Wednesday, August 22, 2012

Hart's Pass & Slate Peak

I took a trip up to Hart's Pass/Slate Peak near Mazama, Washington last Friday. This is the highest drivable road at almost 7,300 feet in Washington. Once you leave the paved road, it is a twelve mile journey to Hart's Pass. Twelve long and slow miles along what was once a narrow wagon trail leading up to the now abandoned gold mine.

Starting up the Road Looking Back Towards Mazama

One particular half-mile section of the road is called Dead Horse Point and with good reason! The road clings to the side of the mountain along a very narrow cliff area. Back in the day, wooden planks were stretched across this area. In the 1890's a string pack of horses was crossing and the one of the last horses panicked not wanting to cross. Since they were all tied together, the other horses lost their footing and the whole string went off the edge of the road and plummeted several hundred feet down to the bottom of Rattlesnake Creek.

For me, this was not picture-taking time. This was white knuckle time!! (Coming back down from Hart's Pass, I was on the outside edge looking almost straight down into the ravine. Talk about instant vertigo! If I would have seen this going up the mountain, I'm not sure I would have made it to the top.)

Once we cleared Dead Horse Point and I took a deep breath, the road continues climbing. As you get nearer to Hart's Pass, you drive through an area decimated by the 2003 Needles Fire.

Winding Through Dead Trees
Just before reaching Hart's Pass at 6,200 feet in elevation there is a turn off that takes you past Meadows Campground (still in the burn zone) out to a point where the road ends. From there you can see the Pacific Crest Trail. It made for a nice place to have a picnic lunch.

Pacific Crest Trail Section

After lunch, we continued on our way past Hart's Pass and up to Slate Peak where the road ends just below the lookout. The military gave Slate Peak it's flat top look. There used to be a small lookout house on top of the mountain but the Cold War of the 1950's and fear of Soviet attack was incentive enough for the government to blow off the top of the peak and build a radar station. The radar station is long gone and the replacement tower sits exactly at the same height as the original mountaintop.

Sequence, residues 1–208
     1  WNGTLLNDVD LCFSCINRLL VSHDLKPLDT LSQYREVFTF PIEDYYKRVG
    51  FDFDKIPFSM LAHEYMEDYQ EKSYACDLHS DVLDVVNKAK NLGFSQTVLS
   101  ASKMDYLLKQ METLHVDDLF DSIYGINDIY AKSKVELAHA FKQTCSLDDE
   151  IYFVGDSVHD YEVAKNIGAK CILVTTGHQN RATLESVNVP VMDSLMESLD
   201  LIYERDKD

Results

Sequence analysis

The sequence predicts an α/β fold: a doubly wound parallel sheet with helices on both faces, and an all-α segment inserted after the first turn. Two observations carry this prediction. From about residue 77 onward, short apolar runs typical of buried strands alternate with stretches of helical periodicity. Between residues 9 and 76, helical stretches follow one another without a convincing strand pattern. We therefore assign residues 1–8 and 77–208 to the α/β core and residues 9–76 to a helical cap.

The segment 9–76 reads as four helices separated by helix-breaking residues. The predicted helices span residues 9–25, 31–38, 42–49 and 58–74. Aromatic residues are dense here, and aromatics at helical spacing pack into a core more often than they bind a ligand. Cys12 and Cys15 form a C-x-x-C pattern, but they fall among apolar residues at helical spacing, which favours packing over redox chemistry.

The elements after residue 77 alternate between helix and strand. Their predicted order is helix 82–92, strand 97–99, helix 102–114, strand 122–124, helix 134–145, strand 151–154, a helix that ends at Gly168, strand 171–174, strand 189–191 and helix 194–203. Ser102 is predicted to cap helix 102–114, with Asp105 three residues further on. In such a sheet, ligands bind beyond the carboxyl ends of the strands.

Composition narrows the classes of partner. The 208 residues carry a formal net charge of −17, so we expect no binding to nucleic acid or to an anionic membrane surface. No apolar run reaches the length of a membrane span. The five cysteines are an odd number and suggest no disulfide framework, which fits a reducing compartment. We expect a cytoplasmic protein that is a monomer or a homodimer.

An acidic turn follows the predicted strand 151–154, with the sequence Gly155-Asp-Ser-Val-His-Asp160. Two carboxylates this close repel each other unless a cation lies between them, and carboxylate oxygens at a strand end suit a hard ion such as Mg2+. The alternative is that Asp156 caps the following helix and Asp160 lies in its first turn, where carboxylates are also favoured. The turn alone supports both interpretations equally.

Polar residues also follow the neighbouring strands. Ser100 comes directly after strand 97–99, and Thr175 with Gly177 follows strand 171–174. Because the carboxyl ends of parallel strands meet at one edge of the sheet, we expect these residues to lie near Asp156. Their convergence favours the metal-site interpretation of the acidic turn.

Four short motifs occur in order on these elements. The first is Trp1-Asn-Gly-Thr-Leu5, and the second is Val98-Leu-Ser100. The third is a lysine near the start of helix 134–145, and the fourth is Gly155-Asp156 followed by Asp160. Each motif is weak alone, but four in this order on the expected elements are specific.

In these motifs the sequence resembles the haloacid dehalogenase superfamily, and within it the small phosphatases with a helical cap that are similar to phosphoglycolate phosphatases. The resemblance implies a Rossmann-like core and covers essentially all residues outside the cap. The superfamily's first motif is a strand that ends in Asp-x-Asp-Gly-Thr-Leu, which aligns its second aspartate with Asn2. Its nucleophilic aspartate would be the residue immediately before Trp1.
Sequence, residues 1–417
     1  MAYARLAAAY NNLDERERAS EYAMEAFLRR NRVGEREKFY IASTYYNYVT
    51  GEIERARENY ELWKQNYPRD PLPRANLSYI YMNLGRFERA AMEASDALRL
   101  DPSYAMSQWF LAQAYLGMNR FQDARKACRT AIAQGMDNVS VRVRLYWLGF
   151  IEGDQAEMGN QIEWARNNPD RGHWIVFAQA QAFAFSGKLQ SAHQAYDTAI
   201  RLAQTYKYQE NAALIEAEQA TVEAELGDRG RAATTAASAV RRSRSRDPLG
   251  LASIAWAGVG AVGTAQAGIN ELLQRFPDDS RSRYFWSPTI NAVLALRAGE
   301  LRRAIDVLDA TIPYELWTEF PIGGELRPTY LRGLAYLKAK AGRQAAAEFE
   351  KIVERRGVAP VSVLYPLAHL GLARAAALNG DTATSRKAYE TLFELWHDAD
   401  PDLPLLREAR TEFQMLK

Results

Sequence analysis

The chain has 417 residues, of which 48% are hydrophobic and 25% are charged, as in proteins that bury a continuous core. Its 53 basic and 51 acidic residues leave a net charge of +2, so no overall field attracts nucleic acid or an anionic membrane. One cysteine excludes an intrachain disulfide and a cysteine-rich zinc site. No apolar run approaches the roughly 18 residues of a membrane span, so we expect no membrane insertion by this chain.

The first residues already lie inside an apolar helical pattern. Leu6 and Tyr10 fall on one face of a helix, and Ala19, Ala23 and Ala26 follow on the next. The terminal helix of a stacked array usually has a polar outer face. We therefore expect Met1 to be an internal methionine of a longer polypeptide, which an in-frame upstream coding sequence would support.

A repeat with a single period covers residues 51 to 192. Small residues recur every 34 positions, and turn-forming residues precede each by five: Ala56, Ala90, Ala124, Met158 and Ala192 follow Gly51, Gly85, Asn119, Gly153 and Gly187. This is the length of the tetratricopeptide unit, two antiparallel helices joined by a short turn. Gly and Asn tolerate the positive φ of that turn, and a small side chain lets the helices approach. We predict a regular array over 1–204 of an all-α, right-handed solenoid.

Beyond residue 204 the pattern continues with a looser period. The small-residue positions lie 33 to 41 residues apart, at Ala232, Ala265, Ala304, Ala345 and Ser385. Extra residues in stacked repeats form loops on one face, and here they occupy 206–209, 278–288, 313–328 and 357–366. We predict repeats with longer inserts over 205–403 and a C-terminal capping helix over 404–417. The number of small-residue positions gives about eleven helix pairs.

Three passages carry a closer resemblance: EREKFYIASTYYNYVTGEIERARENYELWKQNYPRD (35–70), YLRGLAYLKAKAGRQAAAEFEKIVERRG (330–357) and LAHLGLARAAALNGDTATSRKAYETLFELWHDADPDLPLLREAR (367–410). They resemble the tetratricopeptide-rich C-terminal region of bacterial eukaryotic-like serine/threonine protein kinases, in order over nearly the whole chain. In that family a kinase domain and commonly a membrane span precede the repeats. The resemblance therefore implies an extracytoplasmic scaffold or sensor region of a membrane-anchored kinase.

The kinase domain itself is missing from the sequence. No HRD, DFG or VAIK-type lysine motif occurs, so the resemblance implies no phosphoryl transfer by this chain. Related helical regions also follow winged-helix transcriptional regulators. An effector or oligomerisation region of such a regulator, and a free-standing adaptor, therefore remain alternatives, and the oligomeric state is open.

Slate Peak Lookout - Elevation 7,488 Feet

The sky was pretty clear, not too hazy. It is a short but strenuous (at least for me) half-mile hike from the parking area up to the top of the mountain.  Once up there, you have a 360 degree view of the surrounding North Cascades including Mount Baker to the west, the Pasayten wilderness and Canada eighteen miles to the north. It was simply spectacular!

Mount Baker Waaaay in the Back (52 miles away!)

The Old Mine Site - aka "The Glory Hole"

Hello, Canada!

Looking Down Towards the Parking Area and Hart's Pass Beyond

All in all, it was a great trip up to this area, even with Dead Horse Point. Glad I finally made it up to Hart's Pass and Slate Peak.


  1. Thanks for taking me along to a place I haven't visited, yet. What amazing views of the Cascades. I love those kinds of roads.

  2. What an amazing looking place! Fantastic photographs and great information as well. It's funny that you mention the Pacific Crest Trail in your post. Just last week a blog post I made included some the most southern portions of the trail and now you mention the northern most part. GREAT post!

  3. I too am a born and bred westerner and used to mountain driving (and passengering), but that's definitely white knuckle time. Beautiful!!


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